At the same time the number of ops people that have a really good grasp at dev stuff is low as well. But I don't typically don't see the ops folks getting their hands dirty on the dev end of things(or even trying to get their hands dirty). If we're approached for an opinion or are in some meeting on design or something we can provide input but ops folks don't generally try to dictate application design and stuff that's not our thing. I remember the first development architecture meeting I attended as an ops person back in 2003. I practically fell asleep and wondered why they hired me at the time so many terms I had never even heard of (enterprise java application). Super complex app stack the most complex I've ever dealt with even to today. I ended up being the company wide expert at that stack I knew everything and everyone knew it, quite a double edged sword burned out hard there. But had a good time and learned a lot too.
Devops isn't for everyone(as it is defined most recently - not for me either), too bad so much marketing bullshit is behind it and other things like public cloud that many people feel compelled to try to adopt it, often with poor results. Same goes for agile as well.
Speaking of cloud usage, both the company I am at now and the previous company started out in public cloud. There was no "lift and shift", as in they had nothing to lift from. Day 1 was in public cloud at both places(app/DB/server/etc designs were set before I started in both cases). I/We did lift and shift the current company out of public cloud(including waiting many hours for a mysqldumps from RDS mysql instances) a decade ago and as a result have been saving easily over $1M/year every year since.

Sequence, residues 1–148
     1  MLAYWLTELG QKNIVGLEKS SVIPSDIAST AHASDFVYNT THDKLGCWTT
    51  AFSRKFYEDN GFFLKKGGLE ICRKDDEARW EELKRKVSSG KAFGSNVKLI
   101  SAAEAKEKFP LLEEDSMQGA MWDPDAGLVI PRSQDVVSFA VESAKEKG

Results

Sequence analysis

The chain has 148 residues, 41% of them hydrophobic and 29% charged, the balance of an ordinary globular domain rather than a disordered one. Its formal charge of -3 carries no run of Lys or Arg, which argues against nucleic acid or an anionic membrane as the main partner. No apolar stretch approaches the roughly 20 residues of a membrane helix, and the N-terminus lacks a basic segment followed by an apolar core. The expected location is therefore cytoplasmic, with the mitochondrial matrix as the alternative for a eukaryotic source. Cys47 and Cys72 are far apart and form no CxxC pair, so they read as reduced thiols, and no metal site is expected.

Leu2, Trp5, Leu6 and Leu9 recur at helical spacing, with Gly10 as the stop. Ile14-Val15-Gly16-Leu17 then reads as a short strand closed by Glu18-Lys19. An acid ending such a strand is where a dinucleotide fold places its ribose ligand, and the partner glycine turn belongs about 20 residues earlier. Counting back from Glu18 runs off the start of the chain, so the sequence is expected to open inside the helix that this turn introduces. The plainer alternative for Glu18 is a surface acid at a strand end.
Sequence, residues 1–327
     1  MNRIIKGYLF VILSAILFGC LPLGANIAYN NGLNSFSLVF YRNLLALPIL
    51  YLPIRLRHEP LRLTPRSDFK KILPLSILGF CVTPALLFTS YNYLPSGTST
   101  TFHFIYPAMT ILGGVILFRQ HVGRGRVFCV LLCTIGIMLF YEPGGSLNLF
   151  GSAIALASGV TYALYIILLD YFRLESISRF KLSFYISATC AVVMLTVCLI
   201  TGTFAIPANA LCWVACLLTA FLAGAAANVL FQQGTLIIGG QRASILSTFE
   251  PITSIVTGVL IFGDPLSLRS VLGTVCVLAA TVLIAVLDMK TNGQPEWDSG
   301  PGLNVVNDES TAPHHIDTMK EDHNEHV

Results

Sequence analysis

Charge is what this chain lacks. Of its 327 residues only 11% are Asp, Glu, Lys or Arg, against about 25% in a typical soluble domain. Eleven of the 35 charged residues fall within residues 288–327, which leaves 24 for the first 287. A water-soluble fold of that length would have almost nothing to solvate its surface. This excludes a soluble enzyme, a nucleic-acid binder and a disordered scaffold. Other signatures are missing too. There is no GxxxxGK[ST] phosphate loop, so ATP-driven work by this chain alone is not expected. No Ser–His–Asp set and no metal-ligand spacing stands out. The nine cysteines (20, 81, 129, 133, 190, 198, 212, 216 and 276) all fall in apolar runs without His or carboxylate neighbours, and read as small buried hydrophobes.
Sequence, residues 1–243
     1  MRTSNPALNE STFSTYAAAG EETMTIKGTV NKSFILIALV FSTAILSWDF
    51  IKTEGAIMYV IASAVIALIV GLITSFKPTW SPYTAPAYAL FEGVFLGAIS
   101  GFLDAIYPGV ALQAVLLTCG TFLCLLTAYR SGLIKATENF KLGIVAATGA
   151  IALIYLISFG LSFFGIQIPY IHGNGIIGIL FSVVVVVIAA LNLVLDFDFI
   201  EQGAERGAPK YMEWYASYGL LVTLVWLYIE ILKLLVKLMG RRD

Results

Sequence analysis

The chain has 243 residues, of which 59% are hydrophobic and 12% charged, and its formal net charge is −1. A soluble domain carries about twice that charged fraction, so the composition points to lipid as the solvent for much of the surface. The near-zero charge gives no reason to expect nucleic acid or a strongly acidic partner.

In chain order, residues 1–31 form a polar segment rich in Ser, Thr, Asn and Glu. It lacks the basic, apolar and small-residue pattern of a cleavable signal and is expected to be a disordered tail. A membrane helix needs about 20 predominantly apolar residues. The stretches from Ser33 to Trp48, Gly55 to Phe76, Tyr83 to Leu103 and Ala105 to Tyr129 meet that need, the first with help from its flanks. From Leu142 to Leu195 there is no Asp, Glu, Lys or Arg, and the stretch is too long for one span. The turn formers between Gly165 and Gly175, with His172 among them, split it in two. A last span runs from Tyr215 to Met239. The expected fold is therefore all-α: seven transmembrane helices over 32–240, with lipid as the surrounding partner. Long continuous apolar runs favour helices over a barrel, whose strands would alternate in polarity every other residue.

Previous company's(now defunct) board didn't want to move out despite $1.6M savings in the first year alone(had support from all levels of the company but CEO and CTO didn't want to fight the board). Over the years several executives have tried to push for public cloud again as it sounds cool but they couldn't make the math work even remotely.